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Government settles Operation Kalahari lawsuit

2022-03-16  Roland Routh

Government settles Operation Kalahari lawsuit

Government, in particular the minister of home affairs and immigration (previously minister of safety and security) has agreed to settle a lawsuit instituted against them for an Operation Kalahari incident on 5 October 2019.

The lawsuit was instituted by Ester Shikongo – owner of Midnight Express, operating Club Thriller in Katutura’s Gemengde location – and her business partner Given Egumbo after the police and army in a combined raid stormed the business premises and allegedly assaulted both.

The government, through the office of the Attorney General, opposed the suit.

Shikongo and Egumbo claimed a combined N$1 million in damages, but in the end settled for N$50 000

Papers filed with the court by her lawyer Kadhila Amoomo stated that members of Operation Kalahari unlawfully and without any justification trespassed and interfered with the running of the Midnight Express business consisting of a bakery, restaurant, supermarket and bar by storming into the bar area in full view of patrons; demanding and causing the closure of the business without any lawful justification; and insulting and interfering with the patrons, and demanding that they vacate the business without any lawful

“As a result of the aforementioned conduct of the members of the Namibian Police and the Namibian Defence Force, the defendant (minister) unlawfully trespassed and interfered with the running of plaintiff’s business, and further thereby caused damage to the reputation of the business in that the conduct of the defendant transpired in full view of the patrons of the plaintiff’s business, and in this regard send out a message that her business is a criminal operation which should be shut down by law-enforcement officers”. 

Shikongo further claimed that she was assaulted by the uniformed members, and that the assaults took place in full view of the public, which was embarrassing and traumatising.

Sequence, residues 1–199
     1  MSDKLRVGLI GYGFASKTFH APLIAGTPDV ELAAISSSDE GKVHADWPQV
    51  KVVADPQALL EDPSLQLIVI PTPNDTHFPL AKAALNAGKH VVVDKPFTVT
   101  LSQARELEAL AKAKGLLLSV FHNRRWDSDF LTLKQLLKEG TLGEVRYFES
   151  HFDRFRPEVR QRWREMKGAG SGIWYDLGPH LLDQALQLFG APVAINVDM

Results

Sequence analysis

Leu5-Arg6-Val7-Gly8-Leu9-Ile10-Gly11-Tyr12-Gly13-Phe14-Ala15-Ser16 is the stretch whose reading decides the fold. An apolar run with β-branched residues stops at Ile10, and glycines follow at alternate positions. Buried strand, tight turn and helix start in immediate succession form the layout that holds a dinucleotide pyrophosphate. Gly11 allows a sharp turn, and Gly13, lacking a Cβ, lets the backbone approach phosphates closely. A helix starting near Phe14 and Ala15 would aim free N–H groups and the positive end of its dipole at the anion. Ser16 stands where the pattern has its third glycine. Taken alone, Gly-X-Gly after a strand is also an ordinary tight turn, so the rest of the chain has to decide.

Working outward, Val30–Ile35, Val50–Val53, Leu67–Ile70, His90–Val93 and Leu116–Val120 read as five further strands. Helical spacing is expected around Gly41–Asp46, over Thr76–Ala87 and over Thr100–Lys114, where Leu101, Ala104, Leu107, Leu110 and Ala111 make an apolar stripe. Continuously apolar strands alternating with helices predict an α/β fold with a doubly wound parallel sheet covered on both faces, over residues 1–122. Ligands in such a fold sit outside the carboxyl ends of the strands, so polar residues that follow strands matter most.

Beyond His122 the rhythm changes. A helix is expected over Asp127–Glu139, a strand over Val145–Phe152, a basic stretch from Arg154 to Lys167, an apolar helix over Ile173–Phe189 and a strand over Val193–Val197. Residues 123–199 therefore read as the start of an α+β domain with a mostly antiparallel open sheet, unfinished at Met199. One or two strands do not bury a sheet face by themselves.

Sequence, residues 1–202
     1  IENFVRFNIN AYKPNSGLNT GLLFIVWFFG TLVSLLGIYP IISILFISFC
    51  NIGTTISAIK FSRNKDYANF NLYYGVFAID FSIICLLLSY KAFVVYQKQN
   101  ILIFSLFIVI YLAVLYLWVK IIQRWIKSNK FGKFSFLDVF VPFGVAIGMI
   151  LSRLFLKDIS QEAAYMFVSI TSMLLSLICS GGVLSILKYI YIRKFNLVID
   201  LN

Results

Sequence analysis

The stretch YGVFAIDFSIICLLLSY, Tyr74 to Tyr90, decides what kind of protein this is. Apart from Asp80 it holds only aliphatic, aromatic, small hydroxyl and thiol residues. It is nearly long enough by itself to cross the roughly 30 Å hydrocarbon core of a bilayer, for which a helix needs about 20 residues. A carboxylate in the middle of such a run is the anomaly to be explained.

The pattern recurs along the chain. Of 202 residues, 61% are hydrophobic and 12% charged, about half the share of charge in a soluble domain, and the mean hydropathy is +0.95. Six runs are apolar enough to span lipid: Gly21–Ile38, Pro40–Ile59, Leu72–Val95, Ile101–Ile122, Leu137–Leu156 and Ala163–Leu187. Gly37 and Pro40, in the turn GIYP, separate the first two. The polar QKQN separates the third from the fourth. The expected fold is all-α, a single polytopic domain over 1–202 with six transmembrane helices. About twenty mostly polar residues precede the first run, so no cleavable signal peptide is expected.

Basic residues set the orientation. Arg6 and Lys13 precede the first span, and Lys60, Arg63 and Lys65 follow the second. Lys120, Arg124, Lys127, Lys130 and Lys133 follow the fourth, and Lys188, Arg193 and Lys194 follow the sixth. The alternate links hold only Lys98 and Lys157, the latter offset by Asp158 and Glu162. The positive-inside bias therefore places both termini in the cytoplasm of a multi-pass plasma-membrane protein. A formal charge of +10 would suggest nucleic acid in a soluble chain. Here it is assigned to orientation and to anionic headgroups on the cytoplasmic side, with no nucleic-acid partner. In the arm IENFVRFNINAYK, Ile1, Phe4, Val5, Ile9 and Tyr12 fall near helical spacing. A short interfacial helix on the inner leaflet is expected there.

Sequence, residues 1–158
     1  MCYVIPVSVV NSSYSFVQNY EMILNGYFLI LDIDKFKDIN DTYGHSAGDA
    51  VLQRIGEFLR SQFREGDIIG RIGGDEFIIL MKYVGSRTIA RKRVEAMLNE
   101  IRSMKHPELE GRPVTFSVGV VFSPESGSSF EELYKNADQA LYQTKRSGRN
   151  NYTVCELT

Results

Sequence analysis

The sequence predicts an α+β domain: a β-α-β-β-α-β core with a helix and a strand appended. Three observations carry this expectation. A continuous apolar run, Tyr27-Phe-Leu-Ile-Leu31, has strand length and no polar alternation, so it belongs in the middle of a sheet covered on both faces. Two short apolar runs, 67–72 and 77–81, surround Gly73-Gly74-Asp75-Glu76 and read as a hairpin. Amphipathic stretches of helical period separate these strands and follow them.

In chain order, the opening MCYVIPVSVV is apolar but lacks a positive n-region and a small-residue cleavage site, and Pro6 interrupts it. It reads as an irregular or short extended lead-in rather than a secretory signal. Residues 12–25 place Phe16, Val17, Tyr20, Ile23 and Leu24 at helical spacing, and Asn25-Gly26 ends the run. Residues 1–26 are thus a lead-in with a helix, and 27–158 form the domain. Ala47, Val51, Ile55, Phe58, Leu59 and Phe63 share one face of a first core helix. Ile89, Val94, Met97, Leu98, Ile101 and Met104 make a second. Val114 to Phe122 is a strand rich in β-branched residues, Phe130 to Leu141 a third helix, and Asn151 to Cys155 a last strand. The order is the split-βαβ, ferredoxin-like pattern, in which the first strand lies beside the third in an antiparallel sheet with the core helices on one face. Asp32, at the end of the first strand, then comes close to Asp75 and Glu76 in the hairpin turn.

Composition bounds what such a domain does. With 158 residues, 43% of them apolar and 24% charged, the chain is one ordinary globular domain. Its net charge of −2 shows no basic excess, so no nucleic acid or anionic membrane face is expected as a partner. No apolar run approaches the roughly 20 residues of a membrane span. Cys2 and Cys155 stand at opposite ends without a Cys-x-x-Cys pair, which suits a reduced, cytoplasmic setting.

She claimed that as a result of the unlawful conduct by the defendant’s members, she suffered damages in the amount of N$700 000.

Egumbo claimed that he suffered damages in the amount of N$300 000 after he was assaulted by both members of the police and army in full view of the patrons of the

In their defence, government stated that they responded to a noise complaint at the business premises. Upon their arrival there, one of their members was assaulted by one of the patrons inside the club. 

Immediately after the assault, government claimed, the assailant escaped into a room behind the club’s premises and in their pursuit of the assailant, were obstructed by Shikongo, leading to the assailant evading arrest. 

They claim, therefore, that their attendance at the business premises and their conduct was lawful and justifiable and well within their duties, and as such does not constitute trespassing. 

With regards to the assault charges, they deny each and every allegation, and put the plaintiffs to the proof thereof.

Windhoek High Court Judge Nate Ndauendapo made the settlement an order of the High Court.

He also ordered government to pay each plaintiff N$25 000 towards the costs of the lawsuit.

Ronald Ketjijere represented the minister.

2022-03-16  Roland Routh

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